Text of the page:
When New York held its recent presidential primary, Rep. Peter T. King was quite specific about his sentiments: He cast his ballot for Ohio Gov. John Kasich, but that didn’t mean he was endorsing his candidacy.
“If I thought that John Kasich had a viable chance, I’d come out and endorse him,” the Republican lawmaker said on MSNBC, in effect tossing a bouquet of wilted flowers at the struggling White House hopeful.
If Kasich felt chastened, or confused, he was not alone. That odd linguistic formulation has been heard throughout this fraught election season, introducing a new dodge into the lexicon of tortured political locution.
Sens. Jim Risch of Idaho and Ben Sasse of Nebraska said they voted for their fellow Republican senator, Texan Ted Cruz, for president, but each avoided using the E-word.
Nevada’s GOP Gov. Brian Sandoval caucused for Sen. Marco Rubio of Florida when he was still in the Republican race, but nope, Sandoval insisted, that didn’t constitute an endorsement. Ditto for Rudolph W. Giuliani, who said he was voting for — but not endorsing — Donald Trump.
“I’m not joining the campaign in any way,” Giuliani said.
Veteran campaign hands, like Rich Galen, can recall nothing like it.
“The strongest endorsement you can give is to vote for someone,” said Galen, a Republican communications strategist whose political resume includes stints with then-Indiana Sen. Dan Quayle and former House Speaker Newt Gingrich. “To say you’re voting for someone but not endorsing them is a political oxymoron.”
Ken Khachigian, a former presidential speechwriter, agreed. “It doesn’t make any sense,” he said. “A vote is an expression of advocacy, especially in a primary. You have a choice and so you’re, in effect, endorsing.”
To Khachigian, who helped polish phrases for President Reagan, the verbal contortion suggests a have-it-both-ways lack of courage and political conviction. “It’s what people are rebelling against this political season,” he said.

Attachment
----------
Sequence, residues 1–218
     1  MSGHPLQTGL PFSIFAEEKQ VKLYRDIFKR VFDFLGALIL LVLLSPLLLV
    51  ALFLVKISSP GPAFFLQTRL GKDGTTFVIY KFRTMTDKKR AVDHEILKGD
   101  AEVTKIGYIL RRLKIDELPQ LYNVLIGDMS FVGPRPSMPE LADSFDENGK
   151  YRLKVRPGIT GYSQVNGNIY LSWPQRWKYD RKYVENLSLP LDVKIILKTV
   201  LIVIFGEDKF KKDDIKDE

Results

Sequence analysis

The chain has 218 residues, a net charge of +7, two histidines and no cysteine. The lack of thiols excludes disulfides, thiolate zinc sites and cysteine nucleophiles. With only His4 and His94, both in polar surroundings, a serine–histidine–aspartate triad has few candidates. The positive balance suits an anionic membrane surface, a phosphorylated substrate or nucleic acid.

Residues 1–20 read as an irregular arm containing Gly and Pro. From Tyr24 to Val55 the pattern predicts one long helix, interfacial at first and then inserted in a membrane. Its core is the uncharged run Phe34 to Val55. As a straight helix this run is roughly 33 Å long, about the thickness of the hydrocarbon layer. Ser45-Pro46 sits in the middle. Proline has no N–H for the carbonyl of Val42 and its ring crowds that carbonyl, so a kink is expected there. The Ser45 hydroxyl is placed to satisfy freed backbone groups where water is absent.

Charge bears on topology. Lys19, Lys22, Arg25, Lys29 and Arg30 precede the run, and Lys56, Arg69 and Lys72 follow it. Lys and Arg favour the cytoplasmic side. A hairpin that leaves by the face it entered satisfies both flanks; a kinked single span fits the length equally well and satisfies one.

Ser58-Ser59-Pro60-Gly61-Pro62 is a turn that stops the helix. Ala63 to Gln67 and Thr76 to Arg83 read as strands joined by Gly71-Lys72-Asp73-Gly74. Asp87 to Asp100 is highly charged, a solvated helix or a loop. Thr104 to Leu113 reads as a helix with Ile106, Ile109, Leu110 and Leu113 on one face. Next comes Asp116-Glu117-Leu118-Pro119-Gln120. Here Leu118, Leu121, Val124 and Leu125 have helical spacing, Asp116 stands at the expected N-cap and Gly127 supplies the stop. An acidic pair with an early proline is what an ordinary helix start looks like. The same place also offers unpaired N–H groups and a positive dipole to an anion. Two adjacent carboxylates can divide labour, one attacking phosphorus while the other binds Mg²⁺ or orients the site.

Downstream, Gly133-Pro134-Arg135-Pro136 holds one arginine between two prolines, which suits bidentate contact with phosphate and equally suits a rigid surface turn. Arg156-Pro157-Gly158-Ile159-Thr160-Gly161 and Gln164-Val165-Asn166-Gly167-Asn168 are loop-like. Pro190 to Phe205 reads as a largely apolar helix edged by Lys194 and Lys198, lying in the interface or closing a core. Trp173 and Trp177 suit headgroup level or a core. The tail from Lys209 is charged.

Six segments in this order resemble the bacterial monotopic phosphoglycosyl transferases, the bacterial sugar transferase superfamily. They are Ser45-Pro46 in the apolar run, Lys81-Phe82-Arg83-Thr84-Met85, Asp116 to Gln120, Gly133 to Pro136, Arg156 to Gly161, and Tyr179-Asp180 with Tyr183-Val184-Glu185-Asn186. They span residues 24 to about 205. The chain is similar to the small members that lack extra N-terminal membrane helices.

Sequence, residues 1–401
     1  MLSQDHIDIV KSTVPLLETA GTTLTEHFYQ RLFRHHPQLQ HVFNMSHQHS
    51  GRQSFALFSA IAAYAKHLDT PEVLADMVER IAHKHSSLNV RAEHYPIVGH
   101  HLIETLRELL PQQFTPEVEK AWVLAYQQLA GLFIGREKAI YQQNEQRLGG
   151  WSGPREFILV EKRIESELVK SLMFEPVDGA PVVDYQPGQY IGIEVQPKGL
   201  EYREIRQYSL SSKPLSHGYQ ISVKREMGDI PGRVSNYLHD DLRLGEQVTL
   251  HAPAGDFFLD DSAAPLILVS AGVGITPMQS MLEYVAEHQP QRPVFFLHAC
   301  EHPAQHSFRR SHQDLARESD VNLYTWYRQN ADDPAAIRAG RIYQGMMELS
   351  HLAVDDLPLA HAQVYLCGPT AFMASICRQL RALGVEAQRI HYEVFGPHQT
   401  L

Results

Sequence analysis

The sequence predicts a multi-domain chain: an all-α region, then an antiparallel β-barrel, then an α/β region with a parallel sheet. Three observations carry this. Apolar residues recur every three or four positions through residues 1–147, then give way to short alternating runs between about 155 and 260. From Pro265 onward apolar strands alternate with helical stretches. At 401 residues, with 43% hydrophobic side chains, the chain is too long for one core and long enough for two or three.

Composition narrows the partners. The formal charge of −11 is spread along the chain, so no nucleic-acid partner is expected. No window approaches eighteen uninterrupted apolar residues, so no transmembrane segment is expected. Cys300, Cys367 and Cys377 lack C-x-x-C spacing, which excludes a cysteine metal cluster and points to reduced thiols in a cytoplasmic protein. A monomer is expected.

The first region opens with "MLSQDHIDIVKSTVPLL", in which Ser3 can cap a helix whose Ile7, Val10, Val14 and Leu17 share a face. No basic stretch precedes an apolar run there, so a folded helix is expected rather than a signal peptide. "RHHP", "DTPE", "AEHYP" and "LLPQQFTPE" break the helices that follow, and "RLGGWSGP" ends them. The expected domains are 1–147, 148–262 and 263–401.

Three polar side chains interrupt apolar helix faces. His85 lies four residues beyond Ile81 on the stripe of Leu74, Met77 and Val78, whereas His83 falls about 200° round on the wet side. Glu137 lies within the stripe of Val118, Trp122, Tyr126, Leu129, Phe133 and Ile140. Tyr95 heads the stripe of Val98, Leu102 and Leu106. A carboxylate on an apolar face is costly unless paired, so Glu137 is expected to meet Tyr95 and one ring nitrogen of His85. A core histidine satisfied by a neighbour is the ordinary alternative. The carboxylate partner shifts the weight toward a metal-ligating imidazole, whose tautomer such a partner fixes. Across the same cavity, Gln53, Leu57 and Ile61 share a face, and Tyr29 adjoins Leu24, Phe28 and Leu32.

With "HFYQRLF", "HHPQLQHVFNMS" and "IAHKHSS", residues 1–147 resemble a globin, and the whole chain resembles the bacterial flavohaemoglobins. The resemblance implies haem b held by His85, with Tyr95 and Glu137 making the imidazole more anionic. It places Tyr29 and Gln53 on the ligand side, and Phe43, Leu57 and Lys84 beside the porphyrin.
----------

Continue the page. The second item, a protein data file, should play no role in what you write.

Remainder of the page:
On Friday, it was Indiana Gov. Mike Pence knotting himself up with a not-quite endorsement of Cruz. He heaped praise on Trump, said he would vote for Cruz in Tuesday’s crucial primary in Indiana, then, as if to further muddle his intent, urged all Hoosiers “to make up their own minds.”
But where some see evasion, others see perfect reason.
“It’s not oxymoronic in the least,” said Steven Pinker, a Harvard University psychology professor and semantics expert. “People vote for two reasons: to affect the outcome of the election and to express their beliefs.
“It’s unlikely that any candidate will represent one’s beliefs exactly,” Pinker said, “but if one still strongly prefers the outcome of one candidate being elected rather than another, one could very well vote for the ‘acceptable,’ ‘better of the two,’ ‘least bad,’ ‘lesser of two evils’ or ‘anyone but him’ candidate.”
For many Republicans, that would certainly apply to the case here. They see an unhappy choice between Cruz and the front-running Trump that Sen. Lindsey Graham of South Carolina likened to picking between being shot or poisoned. He subsequently endorsed Cruz, without terrific enthusiasm.
“It reflects the reality of the system,” said Stevens, who helped guide Mitt Romney to the 2012 GOP nomination.
Romney, who briefly considered another try this year for the White House, parsed his preferences in two states. He voted for Cruz in Utah but made clear he was not endorsing the senator. Just a week earlier, Romney had urged Ohio voters to back their governor — again, sans endorsement.
“Primaries are the process of picking the best available choice,” Stevens said. It’s entirely possible, he said, to vote for a candidate and later support someone else, given the opportunity.
King suggested as much in his equivocal support for Kasich. “I want to keep my powder dry,” he said, “because this might go to the convention.”
Eyes clear, options open. It’s a stance most politicians would heartily endorse.
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